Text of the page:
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People Love What They Help Create

by | March 21, 2013 0 SERA General, Urban Design + Planning

We have recently referenced some of the exciting augmented reality work we’ve been working on, but did you know that we’ve been using various technologies to engage the public during planning projects since the early 2000s? One of our goals at SERA has been to always communicate planning problems and potential solutions in ways that are easy to understand and that allow people who live in the community to directly inform the process. People will take care of and support things that they help create.

A good example is streets. Streets are almost always in the public domain and significantly influence the way a place feels and functions. For decades, streets have been engineered for mobility – primarily to move automobiles and freight (and to often store cars as well). It’s only in the last decade or so that communities throughout the US have started to demand more from our public rights-of-way and to redesign streets to accommodate all users and uses. And it’s only recently that sophisticated planning tools have been developed to help community members directly participate in what was once an exclusive, “experts only” process.

Code For America recently released a really cool interactive street cross-section building tool. It’s still in its alpha stage and has a ways to go before it’s ready to be used in a professional design process, but it’s a fantastic start and has tremendous potential to put urban design and transportation planning tools directly into the hands of the community. (Pair this with a DIY traffic counter and the new Sim City and watch out, planners!)

SERA has been using a similar approach for the last decade, albeit with less-sophisticated technologies. We have always dreamed of being able to develop a drag-and-drop street building tool with all sorts of cool urban design components and real-time analysis of implications and trade-offs. But we’re architects and planners, not software developers; we’ve never had the capacity or resources to develop our dream tool. Given this reality (and the fact that traditional street cross-sections often cause the viewers’ eyes to glaze over), we built a better cross-section with the technology we had on hand.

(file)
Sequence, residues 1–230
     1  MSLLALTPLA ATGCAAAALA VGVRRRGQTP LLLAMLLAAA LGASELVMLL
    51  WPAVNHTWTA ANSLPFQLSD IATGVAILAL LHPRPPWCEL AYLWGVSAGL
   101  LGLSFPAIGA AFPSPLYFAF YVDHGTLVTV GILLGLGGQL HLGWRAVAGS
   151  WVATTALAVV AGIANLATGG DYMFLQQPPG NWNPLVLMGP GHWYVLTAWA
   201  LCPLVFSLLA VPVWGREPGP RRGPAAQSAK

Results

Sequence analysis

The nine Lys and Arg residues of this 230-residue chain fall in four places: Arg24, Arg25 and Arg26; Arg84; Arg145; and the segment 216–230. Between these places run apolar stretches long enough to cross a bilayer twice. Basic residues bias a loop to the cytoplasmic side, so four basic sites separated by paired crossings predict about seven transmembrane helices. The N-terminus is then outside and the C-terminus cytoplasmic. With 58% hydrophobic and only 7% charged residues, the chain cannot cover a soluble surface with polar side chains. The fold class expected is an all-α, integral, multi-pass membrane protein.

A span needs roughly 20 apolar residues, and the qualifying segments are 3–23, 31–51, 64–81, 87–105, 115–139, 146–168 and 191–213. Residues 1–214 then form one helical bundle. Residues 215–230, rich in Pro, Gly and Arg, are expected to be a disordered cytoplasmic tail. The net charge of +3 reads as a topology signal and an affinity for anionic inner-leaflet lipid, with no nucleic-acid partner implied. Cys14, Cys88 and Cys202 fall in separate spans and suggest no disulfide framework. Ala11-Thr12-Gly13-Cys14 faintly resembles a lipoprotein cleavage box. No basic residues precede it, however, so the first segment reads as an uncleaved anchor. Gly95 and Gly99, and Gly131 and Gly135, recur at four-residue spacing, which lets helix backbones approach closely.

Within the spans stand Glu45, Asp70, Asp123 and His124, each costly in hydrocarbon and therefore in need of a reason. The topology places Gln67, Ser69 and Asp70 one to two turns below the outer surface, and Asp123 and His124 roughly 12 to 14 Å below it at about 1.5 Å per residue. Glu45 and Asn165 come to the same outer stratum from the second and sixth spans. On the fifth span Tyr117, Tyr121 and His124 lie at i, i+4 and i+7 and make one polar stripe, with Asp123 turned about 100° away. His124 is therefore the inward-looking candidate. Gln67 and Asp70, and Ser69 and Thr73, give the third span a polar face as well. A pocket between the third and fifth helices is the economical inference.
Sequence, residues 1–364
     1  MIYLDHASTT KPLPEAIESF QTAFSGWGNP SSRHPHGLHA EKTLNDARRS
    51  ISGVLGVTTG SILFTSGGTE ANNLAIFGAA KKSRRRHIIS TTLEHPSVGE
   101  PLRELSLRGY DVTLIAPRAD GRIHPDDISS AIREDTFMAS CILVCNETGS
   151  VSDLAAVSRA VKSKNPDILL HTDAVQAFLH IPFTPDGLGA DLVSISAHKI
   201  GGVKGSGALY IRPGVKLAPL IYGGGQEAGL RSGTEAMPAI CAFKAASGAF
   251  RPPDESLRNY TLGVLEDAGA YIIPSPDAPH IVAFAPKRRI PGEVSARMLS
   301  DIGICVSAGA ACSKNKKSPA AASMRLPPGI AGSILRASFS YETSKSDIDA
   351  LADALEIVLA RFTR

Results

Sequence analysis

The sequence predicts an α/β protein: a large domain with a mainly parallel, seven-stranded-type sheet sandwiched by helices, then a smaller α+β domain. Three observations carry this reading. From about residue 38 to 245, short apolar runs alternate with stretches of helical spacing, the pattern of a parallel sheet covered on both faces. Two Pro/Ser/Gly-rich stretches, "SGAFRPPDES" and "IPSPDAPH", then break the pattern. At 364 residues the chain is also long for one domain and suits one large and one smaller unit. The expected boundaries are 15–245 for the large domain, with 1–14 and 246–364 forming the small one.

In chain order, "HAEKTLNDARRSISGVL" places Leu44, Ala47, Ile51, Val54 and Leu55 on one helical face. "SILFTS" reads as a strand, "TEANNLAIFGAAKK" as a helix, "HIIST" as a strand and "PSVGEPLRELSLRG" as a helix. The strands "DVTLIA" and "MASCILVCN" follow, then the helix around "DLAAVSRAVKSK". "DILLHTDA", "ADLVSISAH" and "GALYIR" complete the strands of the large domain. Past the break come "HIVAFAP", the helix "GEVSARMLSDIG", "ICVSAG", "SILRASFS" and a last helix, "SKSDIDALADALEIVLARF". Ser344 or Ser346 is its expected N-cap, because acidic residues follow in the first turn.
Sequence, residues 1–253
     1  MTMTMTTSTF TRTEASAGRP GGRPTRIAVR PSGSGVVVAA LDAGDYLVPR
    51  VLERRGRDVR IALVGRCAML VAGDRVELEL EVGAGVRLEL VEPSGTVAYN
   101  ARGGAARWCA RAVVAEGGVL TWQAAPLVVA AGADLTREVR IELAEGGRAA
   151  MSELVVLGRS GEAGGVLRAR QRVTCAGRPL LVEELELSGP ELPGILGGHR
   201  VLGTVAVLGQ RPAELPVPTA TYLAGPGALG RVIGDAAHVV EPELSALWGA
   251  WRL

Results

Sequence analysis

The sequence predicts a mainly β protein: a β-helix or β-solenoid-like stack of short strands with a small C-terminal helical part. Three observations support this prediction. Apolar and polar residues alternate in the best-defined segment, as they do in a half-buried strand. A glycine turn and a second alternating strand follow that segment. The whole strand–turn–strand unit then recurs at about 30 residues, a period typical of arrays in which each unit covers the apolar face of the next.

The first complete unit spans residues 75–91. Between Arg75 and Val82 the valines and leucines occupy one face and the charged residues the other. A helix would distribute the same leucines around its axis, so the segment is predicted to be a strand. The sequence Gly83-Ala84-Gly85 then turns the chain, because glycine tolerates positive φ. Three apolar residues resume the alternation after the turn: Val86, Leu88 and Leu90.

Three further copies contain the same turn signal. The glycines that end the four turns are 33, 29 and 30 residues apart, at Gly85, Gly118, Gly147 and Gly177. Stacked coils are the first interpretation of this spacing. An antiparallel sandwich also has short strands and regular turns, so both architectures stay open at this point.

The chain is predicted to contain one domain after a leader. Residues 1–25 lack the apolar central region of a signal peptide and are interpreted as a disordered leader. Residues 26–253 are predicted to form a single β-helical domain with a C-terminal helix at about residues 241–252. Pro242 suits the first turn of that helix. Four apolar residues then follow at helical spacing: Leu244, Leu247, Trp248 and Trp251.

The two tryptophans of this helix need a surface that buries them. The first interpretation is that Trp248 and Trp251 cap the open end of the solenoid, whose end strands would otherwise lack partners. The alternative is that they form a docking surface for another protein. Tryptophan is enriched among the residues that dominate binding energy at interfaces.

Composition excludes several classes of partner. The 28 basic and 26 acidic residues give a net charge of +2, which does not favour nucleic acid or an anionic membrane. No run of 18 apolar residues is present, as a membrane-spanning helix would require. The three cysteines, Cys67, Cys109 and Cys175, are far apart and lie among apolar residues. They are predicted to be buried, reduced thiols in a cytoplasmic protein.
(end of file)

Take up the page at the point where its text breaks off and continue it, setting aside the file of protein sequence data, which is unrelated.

TypicalCrossSection

Figure 1. A typical engineering street cross-section. We can improve on this, right?

 

Preliminary Draft Design Standards Document_081108.indd

SketchUp cross sections from a project in West
Sacramento, California.

Using SketchUp, an accessible but robust 3D modeling software, we created dynamic model components that could quickly be arranged in multiple street cross-section configurations. The result was an attractive and informative way to illustrate how street elements can be arrayed in the public right-of-way – as well as to show the character of adjacent development. We found that people could really understand the 3D street cross-sections and they helped tell a more complete story about the street and its surroundings. But they were still a little too static. People couldn’t interact with them and test out their own ideas in real time.

To address this issue, we stepped backwards along the technology spectrum and built physical models to-scale out of wood and cardboard. We took these models to streetscape workshops and had people arrange pre-constructed streetscape components within a model town. It’s low tech, but the physical model is a fun-to-use tool to help educate communities about how public rights-of-way work and how various street components can be arrayed. It’s also a great hands-on tool for idea testing and getting people engaged. The downside, of course, is that the models are big, heavy, and will break into hundreds of pieces if checked on an airplane (trust us).

The street model in action in Sandpoint, Idaho. (Look out, pedestrian!)

The street model in action in Sandpoint, Idaho.
(Look out, pedestrian!)

Allowing the public to be involved in their community’s planning process is vital for successful and resilient communities of the future. Enabling an educated public is one step better. And whether it’s a wood scale model or a slick looking 3D cross-section or an interactive web program, all of these tools will help educate people about planning and design and help make better places.

What about you? Do you work in the public involvement realm? What are you using to engage people in your practice?

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